Concentric: Literary and Cultural Studies
Vol. 43 No. 2 | September 2017
Call for Papers
Intermediality in Global and Sinophone Contexts
Yomi Braester (University of Washington, USA)
Now that school is OUT, it's time to do some writing for yourself - and if you are a fan of scifi, or intrigued by the singularity, or the human/machine interface that is currently underway, this is the topic made for you!
Since its emergence, cinema has been preoccupied with the relationship between film and politics, and across its long history filmmakers have explored the relationship between film and social change. This history seemed to reach its apogee in the 1960s with the global explosion of radical filmmakers intent on exploring cinema’s revolutionary capacities. Of these movements, Godard’s political modernist cinema and Latin American third cinema are the most well-known and have since come to stand as both the height and limit of a politically committed film practice.
PCA/ACA 2017 National Conference: April 12 – 15, 2017 – San Diego, California
The Medievalism in Popular Culture Area accepts papers on all topics that explore either popular culture during the Middle Ages or transcribe some aspect of the Middle Ages into the popular culture of later periods. These representations can occur in any genre, including film, television, novels, graphic novels, gaming, advertising, art, etc. For this year’s conference, I would like to encourage submissions on some of the following topics:
Many have requested an extension on this so we have extended the deadline to 10/15/16.
Call for Proposals - Special Guest Edited Issue of
Taboo: The Journal of Culture & Education
Black Womanhood, Identity & Sexuality
Venus Evans-Winters, PhD
Illinois State University
38th International Conference on the Fantastic in the Arts
March 22-26, 2017
Marriott Orlando Airport Hotel
Deadline: October 31
Please join us for ICFA 38, March 22-26, 2017, when our theme will be “Fantastic Epics.” We welcome papers on the work of: Guest of Honor Steven Erikson (World Fantasy and Locus Award nominee), Guest of Honor N.K. Jemisin (Hugo, Nebula, and World Fantasy Award nominee, Locus Award winner), and Guest Scholar Edward James (Pilgrim, Hugo, British Science Fiction Association, and Eaton Award winner).
Call for chapters in an edited, interdisciplinary collection of essays. Chapters will explore the intersection of social class, film, television, communication, social media, and other related topics (which might include income inequality, class warfare, social justice movements, gaming culture, among others). We are interested in portrayals from a range of media and genres: film, games, television, Twitter, YouTube, art, and more.
We encourage submissions from all disciplines. Topics of possible interest include:
• Depictions and understandings of demonstrations, political activism, online, and across media.
In 1886, Maxwell Gray (pseudonym for Mary Gleed Tuttiett) published The Silence of Dean Maitland. The plot of the scandalous novel concerns a young British clergyman, Cyril Maitland, who, after killing the father of a village woman he has seduced, allows a friend, Henry Everard, to be implicated in the crime. Following a trial, Henry is transported to Australia, where he serves out a twenty year prison sentence, while Cyril ascends the church hierarchy. The Silence of Dean Maitland was a bestseller. It was subsequently adapted for the stage and the screen: the play was a hit; the silent film of 1914 enjoyed considerable success in the U.K. and Australia; and the film of 1934 was something of a blockbuster.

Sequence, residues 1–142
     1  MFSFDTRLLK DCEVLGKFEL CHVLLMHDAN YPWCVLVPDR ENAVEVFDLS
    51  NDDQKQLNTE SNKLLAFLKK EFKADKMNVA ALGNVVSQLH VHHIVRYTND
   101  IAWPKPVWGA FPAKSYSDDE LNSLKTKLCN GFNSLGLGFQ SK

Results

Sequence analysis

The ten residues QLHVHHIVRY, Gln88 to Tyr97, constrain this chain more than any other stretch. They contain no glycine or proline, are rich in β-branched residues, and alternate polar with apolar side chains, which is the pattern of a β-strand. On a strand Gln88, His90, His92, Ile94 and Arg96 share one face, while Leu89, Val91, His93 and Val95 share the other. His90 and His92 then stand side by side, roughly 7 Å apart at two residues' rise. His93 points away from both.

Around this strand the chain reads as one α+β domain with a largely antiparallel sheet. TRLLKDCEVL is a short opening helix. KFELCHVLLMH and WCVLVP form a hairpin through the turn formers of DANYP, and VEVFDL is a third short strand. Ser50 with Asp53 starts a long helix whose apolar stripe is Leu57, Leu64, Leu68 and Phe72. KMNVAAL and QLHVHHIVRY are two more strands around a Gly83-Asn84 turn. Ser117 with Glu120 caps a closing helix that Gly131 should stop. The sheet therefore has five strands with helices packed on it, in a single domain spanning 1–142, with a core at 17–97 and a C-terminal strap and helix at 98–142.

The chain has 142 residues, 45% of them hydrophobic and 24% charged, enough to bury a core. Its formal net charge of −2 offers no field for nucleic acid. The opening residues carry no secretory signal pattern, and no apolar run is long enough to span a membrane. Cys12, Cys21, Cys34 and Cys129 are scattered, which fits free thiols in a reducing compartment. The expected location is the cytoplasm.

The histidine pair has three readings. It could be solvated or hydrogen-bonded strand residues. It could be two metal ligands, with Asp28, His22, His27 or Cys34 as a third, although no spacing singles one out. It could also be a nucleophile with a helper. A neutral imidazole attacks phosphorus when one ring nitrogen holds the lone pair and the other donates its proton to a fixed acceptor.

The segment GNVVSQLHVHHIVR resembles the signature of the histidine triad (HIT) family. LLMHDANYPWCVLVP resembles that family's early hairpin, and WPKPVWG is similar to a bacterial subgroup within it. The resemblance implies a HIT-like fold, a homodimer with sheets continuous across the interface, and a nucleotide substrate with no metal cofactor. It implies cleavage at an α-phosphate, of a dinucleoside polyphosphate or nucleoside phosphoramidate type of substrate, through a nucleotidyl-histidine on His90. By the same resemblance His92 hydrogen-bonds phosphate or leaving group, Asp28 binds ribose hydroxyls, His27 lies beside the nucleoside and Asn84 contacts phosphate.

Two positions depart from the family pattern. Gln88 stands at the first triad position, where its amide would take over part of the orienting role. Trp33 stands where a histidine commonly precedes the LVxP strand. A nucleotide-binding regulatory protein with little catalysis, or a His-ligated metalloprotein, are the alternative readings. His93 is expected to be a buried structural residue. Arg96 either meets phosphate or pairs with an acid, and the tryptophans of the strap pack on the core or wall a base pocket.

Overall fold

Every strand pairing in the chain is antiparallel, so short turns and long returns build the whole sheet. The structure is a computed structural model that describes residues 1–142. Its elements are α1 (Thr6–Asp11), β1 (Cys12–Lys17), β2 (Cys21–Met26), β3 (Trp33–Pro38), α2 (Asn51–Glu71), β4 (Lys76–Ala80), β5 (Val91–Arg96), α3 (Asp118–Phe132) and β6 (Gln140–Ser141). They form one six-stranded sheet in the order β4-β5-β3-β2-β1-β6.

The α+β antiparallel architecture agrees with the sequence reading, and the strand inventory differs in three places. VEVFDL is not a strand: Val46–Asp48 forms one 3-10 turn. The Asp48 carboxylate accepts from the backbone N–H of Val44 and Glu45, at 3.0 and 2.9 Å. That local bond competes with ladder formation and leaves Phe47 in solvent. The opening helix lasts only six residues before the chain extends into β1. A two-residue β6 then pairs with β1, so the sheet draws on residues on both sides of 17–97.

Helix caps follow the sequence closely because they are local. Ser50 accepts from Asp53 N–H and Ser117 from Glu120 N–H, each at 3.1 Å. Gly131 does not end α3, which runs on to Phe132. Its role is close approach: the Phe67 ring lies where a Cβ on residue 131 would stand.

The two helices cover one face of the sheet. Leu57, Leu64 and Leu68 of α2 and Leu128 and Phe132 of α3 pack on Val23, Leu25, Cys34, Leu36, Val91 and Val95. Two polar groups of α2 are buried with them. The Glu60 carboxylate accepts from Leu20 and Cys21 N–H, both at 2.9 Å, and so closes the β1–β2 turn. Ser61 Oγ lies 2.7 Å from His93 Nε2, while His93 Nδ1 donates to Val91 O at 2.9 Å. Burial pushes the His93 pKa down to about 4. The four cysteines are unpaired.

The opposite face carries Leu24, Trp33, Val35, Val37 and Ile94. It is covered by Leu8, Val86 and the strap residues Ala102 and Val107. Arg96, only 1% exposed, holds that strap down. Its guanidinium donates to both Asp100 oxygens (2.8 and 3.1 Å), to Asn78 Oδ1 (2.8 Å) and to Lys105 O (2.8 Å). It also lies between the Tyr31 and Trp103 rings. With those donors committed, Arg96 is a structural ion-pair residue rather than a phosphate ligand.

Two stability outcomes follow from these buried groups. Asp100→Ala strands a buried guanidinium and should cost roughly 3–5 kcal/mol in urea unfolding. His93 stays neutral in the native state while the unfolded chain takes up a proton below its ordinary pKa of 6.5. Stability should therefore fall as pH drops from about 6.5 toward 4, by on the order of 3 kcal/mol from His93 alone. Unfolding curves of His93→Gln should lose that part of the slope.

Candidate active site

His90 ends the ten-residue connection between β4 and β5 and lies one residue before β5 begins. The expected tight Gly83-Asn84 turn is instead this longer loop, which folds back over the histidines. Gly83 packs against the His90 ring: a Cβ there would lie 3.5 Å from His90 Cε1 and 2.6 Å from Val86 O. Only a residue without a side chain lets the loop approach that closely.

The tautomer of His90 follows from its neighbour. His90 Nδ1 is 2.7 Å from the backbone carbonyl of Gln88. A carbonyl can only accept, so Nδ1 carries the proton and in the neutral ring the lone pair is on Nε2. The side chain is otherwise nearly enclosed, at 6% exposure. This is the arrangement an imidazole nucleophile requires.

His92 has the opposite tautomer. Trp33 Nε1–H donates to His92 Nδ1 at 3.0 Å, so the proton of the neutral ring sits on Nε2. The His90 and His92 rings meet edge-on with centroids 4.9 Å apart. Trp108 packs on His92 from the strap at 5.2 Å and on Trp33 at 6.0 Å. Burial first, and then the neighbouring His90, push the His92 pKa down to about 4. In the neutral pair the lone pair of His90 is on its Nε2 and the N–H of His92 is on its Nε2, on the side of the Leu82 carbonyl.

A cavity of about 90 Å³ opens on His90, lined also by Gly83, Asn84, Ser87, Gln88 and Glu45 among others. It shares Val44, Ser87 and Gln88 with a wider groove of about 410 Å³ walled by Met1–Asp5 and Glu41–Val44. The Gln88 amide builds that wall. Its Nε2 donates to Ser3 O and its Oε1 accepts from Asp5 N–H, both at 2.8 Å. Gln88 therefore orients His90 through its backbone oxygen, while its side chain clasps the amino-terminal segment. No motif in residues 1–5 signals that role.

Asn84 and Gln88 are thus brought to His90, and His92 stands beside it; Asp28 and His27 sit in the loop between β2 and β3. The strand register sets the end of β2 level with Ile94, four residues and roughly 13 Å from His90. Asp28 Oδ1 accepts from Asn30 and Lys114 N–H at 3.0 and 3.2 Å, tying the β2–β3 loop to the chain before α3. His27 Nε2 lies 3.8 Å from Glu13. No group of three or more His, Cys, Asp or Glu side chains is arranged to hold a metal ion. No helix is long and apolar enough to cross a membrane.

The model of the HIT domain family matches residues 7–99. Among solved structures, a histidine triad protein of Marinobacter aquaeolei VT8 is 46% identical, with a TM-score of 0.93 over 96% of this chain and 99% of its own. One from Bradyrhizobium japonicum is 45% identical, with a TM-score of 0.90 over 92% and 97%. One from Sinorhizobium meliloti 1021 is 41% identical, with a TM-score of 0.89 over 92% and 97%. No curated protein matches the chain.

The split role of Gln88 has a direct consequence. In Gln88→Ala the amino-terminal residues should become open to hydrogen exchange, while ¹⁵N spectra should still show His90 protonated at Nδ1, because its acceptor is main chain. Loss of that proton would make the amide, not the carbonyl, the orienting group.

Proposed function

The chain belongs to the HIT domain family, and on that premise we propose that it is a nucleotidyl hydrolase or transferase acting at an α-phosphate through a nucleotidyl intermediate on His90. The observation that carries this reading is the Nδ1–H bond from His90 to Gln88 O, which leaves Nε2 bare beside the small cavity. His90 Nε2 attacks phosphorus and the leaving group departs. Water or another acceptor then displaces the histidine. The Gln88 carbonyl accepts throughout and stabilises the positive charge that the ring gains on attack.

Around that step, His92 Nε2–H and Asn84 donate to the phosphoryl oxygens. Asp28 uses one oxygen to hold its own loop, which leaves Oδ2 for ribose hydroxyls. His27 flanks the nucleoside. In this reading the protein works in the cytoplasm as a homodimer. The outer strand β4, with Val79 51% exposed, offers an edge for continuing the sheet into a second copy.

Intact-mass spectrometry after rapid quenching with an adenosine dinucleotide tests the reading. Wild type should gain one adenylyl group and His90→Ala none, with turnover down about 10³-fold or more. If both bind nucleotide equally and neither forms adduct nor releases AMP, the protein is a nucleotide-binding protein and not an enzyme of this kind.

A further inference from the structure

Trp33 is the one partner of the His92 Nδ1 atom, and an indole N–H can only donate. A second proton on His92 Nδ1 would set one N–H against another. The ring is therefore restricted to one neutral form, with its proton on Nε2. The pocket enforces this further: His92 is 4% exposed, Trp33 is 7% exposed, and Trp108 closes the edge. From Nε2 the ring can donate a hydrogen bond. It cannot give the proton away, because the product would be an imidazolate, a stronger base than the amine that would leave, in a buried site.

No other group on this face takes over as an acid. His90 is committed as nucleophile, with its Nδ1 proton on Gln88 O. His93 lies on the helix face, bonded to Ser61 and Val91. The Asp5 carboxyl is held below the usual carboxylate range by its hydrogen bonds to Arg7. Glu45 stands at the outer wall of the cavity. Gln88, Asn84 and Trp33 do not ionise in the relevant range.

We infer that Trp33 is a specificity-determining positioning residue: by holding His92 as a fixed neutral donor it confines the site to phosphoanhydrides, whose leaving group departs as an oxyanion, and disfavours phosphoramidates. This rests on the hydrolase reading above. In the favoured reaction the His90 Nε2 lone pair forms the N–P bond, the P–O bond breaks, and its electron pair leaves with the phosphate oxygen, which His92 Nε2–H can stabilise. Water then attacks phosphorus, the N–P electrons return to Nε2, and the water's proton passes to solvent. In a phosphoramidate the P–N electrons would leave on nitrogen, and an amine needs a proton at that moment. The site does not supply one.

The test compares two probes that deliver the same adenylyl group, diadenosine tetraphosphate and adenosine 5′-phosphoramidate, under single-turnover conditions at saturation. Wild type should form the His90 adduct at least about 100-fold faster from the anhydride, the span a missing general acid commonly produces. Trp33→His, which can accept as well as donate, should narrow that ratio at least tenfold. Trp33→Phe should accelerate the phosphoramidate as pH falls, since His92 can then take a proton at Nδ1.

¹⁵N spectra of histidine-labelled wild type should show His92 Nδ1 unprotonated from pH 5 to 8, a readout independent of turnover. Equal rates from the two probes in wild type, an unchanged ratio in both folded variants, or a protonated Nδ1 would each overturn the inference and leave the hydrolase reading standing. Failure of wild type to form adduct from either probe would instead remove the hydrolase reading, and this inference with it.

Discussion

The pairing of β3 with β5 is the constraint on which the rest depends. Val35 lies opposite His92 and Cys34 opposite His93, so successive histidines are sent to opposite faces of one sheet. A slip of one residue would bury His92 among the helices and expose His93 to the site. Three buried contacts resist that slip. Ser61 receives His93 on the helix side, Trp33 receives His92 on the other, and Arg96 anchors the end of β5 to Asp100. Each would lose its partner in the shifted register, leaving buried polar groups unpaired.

This roundtable addresses the negotiation of the textual authority of those who call themselves or are called "women" vis à vis critical approaches in feminist and translation theory. The convergence of feminist and translation studies allows for the examination of power differentials in relation to women's roles as authors, translators, and activists. Moreover, this criticism has been useful in revealing the historical and present silencing of women's contributions as cultural agents. The goal of this roundtable is to consider how translation brings global and historical feminisms into dialogue, and in doing so, challenges legacies of hegemonic cultural authority.
Black Performing Arts: Sound, Movement, Image, Text
Popular Culture Association
2017 Joint National Conference
333 W Harbor Dr,
San Diego, CA 92101
April 12-15, 2017
Call For Proposals: Sessions, Panels, Papers
DEADLINE: October 1, 2016
Call for Participation (edited volume) DEADLINE EXTENDED TO 10/31/16
Poetic Words in the 21st Century Neoliberal City
Proposed Seminar for the 2017 Annual Meeting of the American Comparative Literature Association (ACLA) in Utrecht, The Netherlands (July 6-9, 2017)
Luisa Banki, University of Wuppertal (firstname.lastname@example.org)
Franziska Humphreys, Ecole des Hautes Etudes en Sciences Sociales (email@example.com)
Materiality and Affect of Reading
CALL FOR PAPERS
Pivot: A Journal of Interdisciplinary Studies and Thought
“When you are in the middle of a story it isn’t a story at all, but only a confusion; a dark roaring, a blindness, a wreckage of shattered glass and splintered wood; like a house in a whirlwind, or else a boat crushed by the icebergs or swept over the rapids, and all aboard powerless to stop it.”
– Margaret Atwood
“Here am I and there is my body dancing on glass”
– Sarah Kane
Popular rhetoric about athletics consistently emphasizes corporeal mastery and bodily perfection. Always exhibiting physical and mental toughness, athletes train ceaselessly to reach the pinnacle of sporting accomplishment: taking things to the next level. In fact, there is a good argument to be made that athletic excellence requires superhuman skill, for it is only when athletes devote 110% of themselves to their sports that victory can be achieved.